Interview: Daniel "Iron Man" Mosier, competitive arm wrestler


Arm wrestlers compete at a tournament. - COURTESY WORLD ARM WRESTLING LEAGUE
  • Arm wrestlers compete at a tournament.

The most dangerous place at an arm-wrestling tournament, Daniel Mosier says, is the novice table. There, he's seen 12 or 13 broken arms from inexperienced competitors who don't understand proper positioning and technique in this up-and-coming sport based on the familiar barroom test of strength (and will).

Mosier, a 39-year-old industrial plant foreman from Lake Charles, returns to New Orleans this weekend to compete in World Armwrestling League's Southern Classic, the "Battle in the Bayou." He's a nationally ranked arm-wrestler who has traveled throughout the U.S. and to tournaments abroad to compete in the sport's middleweight division. He spoke with Gambit by phone in advance of the tournament to share a little bit about the one-time hobby that eventually consumed his life.

Gambit: This is kind of a crazy, unusual sport. How did you first start doing it?

Mosier: I competed in the novice class (at an Ohio tournament) and won the novice class. ... It was kind of like a little hobby thing at the beginning. Then I met more people and got more involved in it and realized I was going to be good at it.

I figured if I was going to be good at it, I would train for it and get even better.

What is the training like? How is it different from other sports?

M: I go to the gym about five, six nights a week. We train with different types of exercise bands, rubber bands, real heavy weights with like, curls and lat pulls and back training.

Even with your fingers and your thumb, and all that, you have to train everything in one because if you don't have a strong hand, and the other person gets your wrist or your hand flopped backward, it's really hard to come back from a bad position like that. You have to have a really strong hand to begin with, because that's your connection to the other person. And if your hand gives, you're in a bad position and you're going to lose.

It's a lot of pain and your joints hurt sometimes. There's injuries, sometimes, you have to work through — and it's a lot of mental dealing with the injuries because you don't know how well you're going to heal up, and how soon you're going to be able to come back to it, or if you're going to be able to compete anymore.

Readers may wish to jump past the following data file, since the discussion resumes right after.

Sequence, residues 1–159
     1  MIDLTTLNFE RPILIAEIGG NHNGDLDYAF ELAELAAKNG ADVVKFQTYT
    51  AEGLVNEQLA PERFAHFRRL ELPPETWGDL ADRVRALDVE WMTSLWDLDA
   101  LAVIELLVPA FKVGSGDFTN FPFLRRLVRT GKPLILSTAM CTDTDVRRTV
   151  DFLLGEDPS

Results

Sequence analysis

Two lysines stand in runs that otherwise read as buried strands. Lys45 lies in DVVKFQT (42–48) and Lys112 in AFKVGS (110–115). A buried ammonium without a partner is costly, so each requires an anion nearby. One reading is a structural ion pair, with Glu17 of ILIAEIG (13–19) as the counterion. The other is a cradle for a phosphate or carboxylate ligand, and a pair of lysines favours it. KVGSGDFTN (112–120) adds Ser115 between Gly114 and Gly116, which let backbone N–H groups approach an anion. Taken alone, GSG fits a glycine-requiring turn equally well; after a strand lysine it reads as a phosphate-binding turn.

Tell us about competitions. Do the rivalries get pretty heated?

M: You get to a big tournament and see a lot of the same faces, the same guys that you've had matches against before. And that gives you something to work for, too, if you had a match with someone and they beat you one time before, they're coming for revenge that second time around.

People use different techniques, as far as their arm length and their strength level and all that. ... You have to do a lot of research, like Youtube videos and watching matches from other tournaments. ... You have to do your homework.

(But) 99 percent of arm-wrestlers are, like, really respectful and helpful. ... If they beat you, they'll walk away from the table and tell you what you did wrong, and help you with your training, so you can get better.

How do you size someone up, if you haven't competed against them before?

M: It's hard to tell someone's strength just by looking at them, because tendon strength is different than muscle strength. You can see (the size of) people's muscles, like bodybuilders. ... When you see an arm-wrestler, you might see someone who looks like they don't even lift weights or work out. And then they almost rip your shoulder off, they're so strong.

Are you feeling good about the tournament this weekend?

M: I feel really good. ... My training partner, he's one of the toughest guys in the whole (weight) class. He's the one that trained me and taught me how to arm-wrestle. ... I know we'll probably have a match against each other there. I've never beat him before at a tournament, so my chances are kind of slim on that.

(But) you have to be mentally prepared for it and plan to win the whole thing. If you think you're going to lose, you're going to lose.

This interview has been condensed and edited for clarity.

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